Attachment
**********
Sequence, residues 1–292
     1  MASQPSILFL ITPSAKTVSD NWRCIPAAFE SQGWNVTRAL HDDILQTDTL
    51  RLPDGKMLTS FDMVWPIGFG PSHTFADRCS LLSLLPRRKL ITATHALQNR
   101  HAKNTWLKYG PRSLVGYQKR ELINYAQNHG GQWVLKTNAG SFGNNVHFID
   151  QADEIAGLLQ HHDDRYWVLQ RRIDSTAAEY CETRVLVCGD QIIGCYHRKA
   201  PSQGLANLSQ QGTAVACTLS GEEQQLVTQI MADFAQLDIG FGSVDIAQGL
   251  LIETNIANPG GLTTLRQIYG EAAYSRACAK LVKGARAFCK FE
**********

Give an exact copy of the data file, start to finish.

Sequence, residues 1–292
     1  MASQPSILFL ITPSAKTVSD NWRCIPAAFE SQGWNVTRAL HDDILQTDTL
    51  RLPDGKMLTS FDMVWPIGFG PSHTFADRCS LLSLLPRRKL ITATHALQNR
   101  HAKNTWLKYG PRSLVGYQKR ELINYAQNHG GQWVLKTNAG SFGNNVHFID
   151  QADEIAGLLQ HHDDRYWVLQ RRIDSTAAEY CETRVLVCGD QIIGCYHRKA
   201  PSQGLANLSQ QGTAVACTLS GEEQQLVTQI MADFAQLDIG FGSVDIAQGL
   251  LIETNIANPG GLTTLRQIYG EAAYSRACAK LVKGARAFCK FE